My congratulations to each of you on your appointment to the Independent Group of Scientists by the Secretary-General.
It is a pleasure to be with you today as you begin your work on the 2023 Global Sustainable Development Report.
Each of you comes to this group with impressive credentials. You are all knowledge leaders. You come here from different backgrounds, scientific disciplines and institutions. You are women and men from all across the world.
But you are also united in being committed to pooling your knowledge and experience to shape a better future for all.
Science, and actions grounded in evidence, are indispensable for:
- eradicating poverty,
- ending hunger,
- tackling climate change,
- reversing biodiversity loss and
- reducing inequality.
Science is key to accelerating progress across the Sustainable Development Goals, and for recovering from challenges such as this pandemic.
The importance of science was recognized by the United Nations in 2016. They called for this Report to strengthen the science-policy interface at the High-level Political Forum on Sustainable Development.
The 2019 GSDR did just this – it communicated the latest scientific thinking about sustainable development to Member States. It motivated practical, science-based action by all stakeholders towards the SDGs. And it informed the political declaration of the SDG Summit, calling for a Decade of Action and Delivery as we move toward 2030.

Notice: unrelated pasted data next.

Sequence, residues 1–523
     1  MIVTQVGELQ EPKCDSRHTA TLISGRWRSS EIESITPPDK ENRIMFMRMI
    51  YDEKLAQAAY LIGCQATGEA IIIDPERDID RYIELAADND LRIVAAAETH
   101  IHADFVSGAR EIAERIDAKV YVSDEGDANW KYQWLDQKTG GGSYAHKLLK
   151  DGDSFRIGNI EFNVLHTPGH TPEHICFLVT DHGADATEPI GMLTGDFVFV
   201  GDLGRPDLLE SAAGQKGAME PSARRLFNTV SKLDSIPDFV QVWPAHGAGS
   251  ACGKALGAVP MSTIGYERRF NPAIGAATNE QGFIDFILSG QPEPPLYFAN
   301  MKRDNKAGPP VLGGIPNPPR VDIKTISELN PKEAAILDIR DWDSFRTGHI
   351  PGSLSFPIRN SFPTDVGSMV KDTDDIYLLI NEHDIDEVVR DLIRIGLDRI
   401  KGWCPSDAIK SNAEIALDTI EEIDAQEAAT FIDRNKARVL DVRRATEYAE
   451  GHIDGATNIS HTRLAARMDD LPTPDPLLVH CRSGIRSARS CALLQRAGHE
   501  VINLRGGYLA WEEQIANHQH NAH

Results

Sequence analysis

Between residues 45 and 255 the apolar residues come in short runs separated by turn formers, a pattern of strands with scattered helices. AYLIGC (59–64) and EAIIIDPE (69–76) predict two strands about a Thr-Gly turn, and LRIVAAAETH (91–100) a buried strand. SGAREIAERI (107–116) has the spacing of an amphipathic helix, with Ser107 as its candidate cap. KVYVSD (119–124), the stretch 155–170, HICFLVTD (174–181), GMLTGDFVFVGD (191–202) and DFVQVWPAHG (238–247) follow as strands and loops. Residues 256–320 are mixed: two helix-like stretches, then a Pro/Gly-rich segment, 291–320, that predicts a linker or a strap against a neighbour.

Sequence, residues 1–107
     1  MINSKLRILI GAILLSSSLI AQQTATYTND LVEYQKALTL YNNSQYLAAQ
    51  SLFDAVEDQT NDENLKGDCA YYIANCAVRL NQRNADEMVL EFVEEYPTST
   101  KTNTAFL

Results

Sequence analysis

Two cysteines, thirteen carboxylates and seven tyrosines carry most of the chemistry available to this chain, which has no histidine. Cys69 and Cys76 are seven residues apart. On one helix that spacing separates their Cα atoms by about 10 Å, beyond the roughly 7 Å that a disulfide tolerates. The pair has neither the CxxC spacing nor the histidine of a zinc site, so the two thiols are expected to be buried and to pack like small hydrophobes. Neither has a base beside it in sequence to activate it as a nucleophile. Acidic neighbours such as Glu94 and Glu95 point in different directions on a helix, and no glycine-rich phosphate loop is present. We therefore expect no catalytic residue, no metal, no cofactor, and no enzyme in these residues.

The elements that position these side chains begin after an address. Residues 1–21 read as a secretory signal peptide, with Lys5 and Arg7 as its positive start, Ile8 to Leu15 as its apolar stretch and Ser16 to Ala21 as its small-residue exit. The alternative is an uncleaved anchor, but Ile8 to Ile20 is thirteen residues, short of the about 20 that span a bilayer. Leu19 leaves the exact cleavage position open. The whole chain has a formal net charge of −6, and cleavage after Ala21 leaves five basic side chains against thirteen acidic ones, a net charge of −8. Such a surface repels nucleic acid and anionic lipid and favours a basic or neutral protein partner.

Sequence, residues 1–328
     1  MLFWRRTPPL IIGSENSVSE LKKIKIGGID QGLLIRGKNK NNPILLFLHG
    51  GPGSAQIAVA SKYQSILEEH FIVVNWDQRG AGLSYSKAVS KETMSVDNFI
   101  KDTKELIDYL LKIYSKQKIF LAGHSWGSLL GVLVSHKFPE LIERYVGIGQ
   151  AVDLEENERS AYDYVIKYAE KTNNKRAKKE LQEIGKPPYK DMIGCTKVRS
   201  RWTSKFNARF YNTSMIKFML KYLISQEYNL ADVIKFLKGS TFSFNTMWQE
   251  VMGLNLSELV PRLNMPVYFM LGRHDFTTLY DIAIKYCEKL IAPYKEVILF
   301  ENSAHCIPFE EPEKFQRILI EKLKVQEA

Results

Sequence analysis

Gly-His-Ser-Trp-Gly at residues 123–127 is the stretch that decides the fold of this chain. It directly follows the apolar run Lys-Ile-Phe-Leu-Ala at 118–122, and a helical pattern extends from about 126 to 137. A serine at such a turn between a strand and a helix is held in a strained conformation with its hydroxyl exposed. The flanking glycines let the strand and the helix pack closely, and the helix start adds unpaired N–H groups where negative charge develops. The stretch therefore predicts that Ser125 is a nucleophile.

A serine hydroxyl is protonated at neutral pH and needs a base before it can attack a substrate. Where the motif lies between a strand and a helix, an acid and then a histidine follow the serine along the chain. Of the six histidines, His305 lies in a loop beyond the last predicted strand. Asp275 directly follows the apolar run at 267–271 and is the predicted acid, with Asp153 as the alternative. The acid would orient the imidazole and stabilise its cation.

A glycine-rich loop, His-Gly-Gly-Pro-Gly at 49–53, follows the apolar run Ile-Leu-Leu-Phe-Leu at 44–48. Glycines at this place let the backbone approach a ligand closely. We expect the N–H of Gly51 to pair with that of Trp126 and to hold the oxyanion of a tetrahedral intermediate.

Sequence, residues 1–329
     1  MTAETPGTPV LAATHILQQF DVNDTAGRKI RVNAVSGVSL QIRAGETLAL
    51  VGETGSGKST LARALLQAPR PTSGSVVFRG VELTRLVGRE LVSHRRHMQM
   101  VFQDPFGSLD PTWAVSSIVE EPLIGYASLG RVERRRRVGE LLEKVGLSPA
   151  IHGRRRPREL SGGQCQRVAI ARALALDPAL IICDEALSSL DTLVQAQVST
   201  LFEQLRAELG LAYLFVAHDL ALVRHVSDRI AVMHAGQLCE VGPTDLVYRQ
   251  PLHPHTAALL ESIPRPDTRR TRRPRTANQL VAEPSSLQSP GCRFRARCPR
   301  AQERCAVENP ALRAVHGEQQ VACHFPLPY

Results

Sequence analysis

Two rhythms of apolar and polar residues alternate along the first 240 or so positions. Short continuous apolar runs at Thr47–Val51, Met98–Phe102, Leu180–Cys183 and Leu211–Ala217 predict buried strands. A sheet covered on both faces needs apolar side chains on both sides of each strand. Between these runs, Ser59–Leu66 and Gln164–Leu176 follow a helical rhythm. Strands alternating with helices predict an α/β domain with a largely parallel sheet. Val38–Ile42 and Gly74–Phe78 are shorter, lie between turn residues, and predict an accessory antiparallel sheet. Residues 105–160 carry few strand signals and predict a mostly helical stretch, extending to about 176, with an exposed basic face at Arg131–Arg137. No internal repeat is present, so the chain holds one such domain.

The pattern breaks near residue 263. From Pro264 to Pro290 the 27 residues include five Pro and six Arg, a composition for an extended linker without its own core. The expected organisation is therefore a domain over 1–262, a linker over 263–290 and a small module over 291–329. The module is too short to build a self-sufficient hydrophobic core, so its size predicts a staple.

These are unprecedented times. Progress towards the 2030 Agenda for Sustainable Development has been upended by COVID-19. We are facing dire outcomes.
Over 100 million more people could be pushed back into extreme poverty in 2020, causing the first increase in global poverty in more than 20 years.
Acute food insecurity could double.
As GDP contracts, trillions of dollars of income are being lost for workers, especially in informal sectors.
Yes, there has been some alleviation of pressures on the environment in the past months. Greenhouse gas emissions are projected to drop in 2020, and air quality has improved. But this is temporary unless we see systemic shifts toward investment in low-carbon infrastructure and green jobs.
Through COVID-19 responses, there is an opportunity to align actions to a more sustainable trajectory. Indeed, there is an opportunity to set in motion the transformations called for in the 2019 GSDR, that would move us closer to achieving the 2030 Agenda. The response and recovery must be green, inclusive and establish resilience.
The 2023 GSDR can speak to these and outline the way forward.
Your voice will be crucial here, assuring that actions are grounded in the latest science and evidence.
Looking ahead, the 2023 GSDR can also be a tool for strengthening the science-policy-society interface. It is critical that we are prepared and equipped with knowledge to meet the challenges of the future.
UN DESA is privileged to lead the UN Task Team for the Global Sustainable Development Report. I know we have some of our Task Team partners from sister UN agencies here on the call with us, and you will hear from them next.
I know I speak for the Task Team as a whole, when I say that we stand ready to assist you over the next three years as you carry out your work on the 2023 GSDR.
I wish you all success.